Alata (2018)


is a multimedia performance piece playing with ideas of empathy, acceptance, and the abject through a gradual establishment of rapport between the two performers. The piece is driven by the eponymous instruments worn on the backs of the performers that model after bone deformities. Each performer is unable to interact with their own instrument due to its positioning on the back and requires another person who would then interact with the instrument.

The eponymous instruments were created using 3D printed materials, force-sensitive resistors, and Arduino Fio using the XBee for wireless protocol for transmission to a laptop. The instruments communicate sensor data to Max/MSP, which then maps parameters using machine learning provided through Wekinator for a better, more organic representation of gestures.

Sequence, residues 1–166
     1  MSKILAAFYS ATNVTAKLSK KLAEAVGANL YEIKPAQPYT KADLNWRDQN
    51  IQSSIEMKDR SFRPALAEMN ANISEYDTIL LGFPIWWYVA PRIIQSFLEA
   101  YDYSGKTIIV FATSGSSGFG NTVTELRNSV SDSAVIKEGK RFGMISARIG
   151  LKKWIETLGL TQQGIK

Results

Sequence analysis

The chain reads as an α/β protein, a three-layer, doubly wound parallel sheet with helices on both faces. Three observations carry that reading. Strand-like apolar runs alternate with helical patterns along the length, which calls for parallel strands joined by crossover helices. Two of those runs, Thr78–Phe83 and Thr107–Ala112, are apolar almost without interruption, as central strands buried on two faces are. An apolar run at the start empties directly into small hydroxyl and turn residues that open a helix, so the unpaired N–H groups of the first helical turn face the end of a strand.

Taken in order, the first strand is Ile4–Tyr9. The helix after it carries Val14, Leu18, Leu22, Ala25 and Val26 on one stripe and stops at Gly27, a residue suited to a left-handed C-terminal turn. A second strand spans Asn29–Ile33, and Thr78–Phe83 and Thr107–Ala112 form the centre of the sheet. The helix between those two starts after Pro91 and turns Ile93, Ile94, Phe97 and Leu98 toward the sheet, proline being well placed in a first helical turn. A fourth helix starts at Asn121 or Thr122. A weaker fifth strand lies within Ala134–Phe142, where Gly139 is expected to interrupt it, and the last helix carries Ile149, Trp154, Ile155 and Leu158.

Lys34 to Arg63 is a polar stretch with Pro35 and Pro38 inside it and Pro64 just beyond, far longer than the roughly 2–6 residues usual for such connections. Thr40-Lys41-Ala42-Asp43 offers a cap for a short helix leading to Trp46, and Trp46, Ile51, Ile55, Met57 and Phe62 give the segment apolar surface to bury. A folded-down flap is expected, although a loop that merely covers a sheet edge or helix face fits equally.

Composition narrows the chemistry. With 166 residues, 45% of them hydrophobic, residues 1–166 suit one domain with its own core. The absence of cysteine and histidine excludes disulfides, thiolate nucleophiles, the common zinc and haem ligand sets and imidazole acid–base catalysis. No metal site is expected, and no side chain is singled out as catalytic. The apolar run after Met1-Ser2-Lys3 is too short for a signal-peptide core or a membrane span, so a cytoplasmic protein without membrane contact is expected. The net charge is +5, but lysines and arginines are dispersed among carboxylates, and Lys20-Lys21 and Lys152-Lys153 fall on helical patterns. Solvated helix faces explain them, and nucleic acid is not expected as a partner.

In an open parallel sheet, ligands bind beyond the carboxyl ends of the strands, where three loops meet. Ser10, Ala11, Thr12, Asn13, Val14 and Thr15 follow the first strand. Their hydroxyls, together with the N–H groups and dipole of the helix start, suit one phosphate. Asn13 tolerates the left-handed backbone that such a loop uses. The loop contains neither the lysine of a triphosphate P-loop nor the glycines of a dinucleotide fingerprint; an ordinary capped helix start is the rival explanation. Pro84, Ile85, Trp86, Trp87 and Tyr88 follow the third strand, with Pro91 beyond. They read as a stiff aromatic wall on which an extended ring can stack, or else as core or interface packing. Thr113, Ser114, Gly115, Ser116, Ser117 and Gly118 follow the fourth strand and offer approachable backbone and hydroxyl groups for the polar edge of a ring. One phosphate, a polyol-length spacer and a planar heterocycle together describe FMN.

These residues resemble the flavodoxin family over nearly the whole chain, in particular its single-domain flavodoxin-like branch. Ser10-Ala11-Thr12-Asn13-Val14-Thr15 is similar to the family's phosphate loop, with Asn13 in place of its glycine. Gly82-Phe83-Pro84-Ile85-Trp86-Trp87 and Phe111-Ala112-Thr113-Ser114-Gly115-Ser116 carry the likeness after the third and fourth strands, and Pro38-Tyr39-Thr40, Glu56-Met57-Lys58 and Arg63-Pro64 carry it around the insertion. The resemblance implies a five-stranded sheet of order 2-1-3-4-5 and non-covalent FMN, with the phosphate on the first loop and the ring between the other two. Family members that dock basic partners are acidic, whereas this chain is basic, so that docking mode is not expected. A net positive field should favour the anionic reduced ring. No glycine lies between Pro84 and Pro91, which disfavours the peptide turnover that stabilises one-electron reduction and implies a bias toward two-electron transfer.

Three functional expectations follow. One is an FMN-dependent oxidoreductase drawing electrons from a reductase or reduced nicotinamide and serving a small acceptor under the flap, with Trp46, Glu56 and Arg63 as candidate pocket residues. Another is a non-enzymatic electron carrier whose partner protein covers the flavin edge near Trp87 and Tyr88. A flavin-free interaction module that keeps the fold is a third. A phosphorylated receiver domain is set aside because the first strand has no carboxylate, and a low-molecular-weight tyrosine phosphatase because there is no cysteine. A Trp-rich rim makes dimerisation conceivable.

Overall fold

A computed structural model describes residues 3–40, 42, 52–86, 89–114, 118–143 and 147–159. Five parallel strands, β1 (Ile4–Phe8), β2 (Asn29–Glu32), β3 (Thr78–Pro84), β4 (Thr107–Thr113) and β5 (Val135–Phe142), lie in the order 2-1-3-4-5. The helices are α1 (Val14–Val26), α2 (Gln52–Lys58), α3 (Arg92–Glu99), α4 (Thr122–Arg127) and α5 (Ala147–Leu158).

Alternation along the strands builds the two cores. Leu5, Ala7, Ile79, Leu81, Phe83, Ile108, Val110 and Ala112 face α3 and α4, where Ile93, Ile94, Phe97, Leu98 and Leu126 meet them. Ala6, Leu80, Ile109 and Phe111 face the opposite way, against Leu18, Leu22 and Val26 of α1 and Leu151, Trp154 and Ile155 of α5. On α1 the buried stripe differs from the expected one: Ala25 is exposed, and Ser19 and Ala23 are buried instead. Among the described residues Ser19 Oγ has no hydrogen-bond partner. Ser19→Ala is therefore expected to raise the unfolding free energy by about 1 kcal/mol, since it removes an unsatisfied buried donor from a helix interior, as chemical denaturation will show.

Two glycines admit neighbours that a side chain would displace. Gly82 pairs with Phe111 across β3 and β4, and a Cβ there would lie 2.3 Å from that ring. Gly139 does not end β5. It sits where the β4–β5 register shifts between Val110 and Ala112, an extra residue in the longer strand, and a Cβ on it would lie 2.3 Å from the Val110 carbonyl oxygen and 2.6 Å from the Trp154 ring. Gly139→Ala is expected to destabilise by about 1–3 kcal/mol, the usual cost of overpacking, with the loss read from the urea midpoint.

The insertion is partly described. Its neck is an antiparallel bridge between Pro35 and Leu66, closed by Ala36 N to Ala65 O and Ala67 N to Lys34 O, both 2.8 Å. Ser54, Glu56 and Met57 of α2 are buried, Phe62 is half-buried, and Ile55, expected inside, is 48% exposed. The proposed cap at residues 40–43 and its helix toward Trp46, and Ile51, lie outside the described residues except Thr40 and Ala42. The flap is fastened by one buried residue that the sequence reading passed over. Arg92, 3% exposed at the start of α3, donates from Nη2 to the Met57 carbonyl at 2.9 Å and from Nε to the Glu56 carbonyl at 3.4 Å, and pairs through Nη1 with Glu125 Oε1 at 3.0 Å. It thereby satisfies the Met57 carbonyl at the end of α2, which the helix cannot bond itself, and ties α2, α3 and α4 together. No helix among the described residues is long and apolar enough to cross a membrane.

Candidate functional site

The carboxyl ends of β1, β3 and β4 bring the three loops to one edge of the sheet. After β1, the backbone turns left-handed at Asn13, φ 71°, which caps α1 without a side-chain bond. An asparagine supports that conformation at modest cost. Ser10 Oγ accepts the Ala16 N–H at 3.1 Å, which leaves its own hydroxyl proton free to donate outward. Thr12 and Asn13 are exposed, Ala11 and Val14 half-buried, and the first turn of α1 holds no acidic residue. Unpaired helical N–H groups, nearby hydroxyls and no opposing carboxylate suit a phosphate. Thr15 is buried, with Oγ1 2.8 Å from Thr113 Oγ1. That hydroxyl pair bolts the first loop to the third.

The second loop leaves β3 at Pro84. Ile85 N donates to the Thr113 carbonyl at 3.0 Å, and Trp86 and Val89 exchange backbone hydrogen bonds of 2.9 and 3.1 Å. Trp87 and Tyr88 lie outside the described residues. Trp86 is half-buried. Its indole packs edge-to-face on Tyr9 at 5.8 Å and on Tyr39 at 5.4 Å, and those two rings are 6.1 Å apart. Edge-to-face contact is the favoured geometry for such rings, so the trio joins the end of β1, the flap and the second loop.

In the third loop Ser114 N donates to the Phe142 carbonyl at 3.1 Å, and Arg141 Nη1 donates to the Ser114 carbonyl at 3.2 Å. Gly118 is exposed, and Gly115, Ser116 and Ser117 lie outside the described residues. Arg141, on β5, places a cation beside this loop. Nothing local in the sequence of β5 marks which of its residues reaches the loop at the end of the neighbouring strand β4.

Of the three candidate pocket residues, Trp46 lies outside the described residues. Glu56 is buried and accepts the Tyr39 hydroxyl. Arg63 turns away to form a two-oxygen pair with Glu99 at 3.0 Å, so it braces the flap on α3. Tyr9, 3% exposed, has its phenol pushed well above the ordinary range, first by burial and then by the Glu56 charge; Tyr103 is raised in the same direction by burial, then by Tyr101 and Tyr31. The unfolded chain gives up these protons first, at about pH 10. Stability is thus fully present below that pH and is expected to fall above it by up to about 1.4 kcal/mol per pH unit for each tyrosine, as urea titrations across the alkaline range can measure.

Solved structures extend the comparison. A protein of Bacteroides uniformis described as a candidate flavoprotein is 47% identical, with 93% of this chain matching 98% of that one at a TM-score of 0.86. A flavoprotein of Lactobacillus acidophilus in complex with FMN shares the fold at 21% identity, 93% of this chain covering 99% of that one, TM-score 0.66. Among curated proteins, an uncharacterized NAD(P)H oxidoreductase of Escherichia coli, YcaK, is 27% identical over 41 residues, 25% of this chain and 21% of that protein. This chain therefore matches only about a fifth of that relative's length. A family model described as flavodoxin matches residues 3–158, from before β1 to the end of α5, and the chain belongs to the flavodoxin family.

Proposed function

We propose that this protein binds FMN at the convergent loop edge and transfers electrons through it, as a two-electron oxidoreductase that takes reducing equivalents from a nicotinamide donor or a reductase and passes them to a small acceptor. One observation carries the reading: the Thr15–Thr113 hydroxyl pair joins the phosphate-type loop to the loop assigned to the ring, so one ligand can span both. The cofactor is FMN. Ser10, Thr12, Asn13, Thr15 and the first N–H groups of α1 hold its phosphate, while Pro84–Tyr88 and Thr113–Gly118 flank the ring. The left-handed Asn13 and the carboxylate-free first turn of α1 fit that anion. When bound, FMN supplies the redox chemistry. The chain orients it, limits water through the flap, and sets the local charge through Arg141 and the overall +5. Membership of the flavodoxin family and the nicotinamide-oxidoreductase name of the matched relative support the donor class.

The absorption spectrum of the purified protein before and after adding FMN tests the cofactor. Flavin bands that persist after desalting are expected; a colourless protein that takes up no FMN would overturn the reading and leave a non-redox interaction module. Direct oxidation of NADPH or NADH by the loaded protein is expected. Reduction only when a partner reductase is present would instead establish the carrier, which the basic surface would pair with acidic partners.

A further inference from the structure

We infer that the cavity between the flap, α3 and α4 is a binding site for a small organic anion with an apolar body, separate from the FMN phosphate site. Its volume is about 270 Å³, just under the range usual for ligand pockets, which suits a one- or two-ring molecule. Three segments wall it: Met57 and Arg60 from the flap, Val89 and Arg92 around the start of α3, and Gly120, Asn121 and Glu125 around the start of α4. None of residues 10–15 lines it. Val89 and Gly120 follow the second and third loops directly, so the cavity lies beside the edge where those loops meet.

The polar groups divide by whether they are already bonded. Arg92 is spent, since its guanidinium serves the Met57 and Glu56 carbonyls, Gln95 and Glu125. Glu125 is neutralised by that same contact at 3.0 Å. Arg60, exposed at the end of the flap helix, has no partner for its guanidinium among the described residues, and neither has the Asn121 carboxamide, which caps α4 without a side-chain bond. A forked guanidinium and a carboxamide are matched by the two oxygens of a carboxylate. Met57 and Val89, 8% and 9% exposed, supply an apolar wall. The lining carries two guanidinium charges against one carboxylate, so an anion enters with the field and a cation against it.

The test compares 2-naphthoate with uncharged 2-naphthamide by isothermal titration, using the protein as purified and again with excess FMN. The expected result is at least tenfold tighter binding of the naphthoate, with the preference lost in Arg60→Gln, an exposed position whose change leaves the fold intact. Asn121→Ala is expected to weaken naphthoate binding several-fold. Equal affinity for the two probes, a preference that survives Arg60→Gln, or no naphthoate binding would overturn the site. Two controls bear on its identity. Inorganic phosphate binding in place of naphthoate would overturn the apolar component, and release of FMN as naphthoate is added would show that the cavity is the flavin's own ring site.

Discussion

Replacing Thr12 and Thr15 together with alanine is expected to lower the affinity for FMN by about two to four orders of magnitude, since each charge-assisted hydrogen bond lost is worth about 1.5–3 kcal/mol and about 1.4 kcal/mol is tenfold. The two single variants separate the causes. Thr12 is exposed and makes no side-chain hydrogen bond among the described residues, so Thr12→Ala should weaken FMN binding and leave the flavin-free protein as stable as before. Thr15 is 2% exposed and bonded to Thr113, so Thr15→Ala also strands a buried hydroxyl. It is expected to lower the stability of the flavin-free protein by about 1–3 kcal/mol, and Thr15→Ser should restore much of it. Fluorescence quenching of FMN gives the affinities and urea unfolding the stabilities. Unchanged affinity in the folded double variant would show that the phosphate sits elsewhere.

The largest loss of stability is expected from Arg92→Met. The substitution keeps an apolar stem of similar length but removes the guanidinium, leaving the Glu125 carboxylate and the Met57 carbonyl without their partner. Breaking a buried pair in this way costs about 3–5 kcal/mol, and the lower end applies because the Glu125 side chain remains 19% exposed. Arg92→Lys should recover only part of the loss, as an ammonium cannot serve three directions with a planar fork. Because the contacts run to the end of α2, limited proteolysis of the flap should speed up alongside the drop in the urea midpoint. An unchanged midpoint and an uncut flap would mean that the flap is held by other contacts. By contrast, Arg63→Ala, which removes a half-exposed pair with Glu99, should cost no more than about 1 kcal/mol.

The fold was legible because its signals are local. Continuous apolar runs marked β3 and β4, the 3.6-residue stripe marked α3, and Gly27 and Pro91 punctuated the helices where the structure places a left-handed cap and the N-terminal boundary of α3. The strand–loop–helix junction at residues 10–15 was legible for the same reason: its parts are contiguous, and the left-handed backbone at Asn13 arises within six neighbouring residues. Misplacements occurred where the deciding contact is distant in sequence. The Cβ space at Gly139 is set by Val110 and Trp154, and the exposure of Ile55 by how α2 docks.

I was inspired to create the piece by the frustration of electronic instruments being presented as a solo-performance instrument, as opposed to one that lends itself to an ensemble playing, which I see as integral to musical performance and the artistic viability of an instrument. I wanted to force an interaction between the performers in which they were inclined to communicate to each other using gestures -- quite literally so, especially considering that touch is the most intimate action that you can perform with another body. There is a sort of an identity transfer between the wearable instrument and the wearer, which dramatically changes the type and quality of interactions between the performer and instrument. Each performer interacts with the other's instrument as they would interact with the body of the other.

By highlighting the importance of the gesture, my aim was for the performers to create an intersubjective space between the performers as well as between the performers and the audience. Through perception of action, both visual and auditory, the audience relives the experience of the performers through their own bodies.

The piece was made possible with the assistance of the UC Berkeley Invention Lab, with special thanks to Mitchell Karchemsky, Chris Myers, and Kuan-Ju Wu.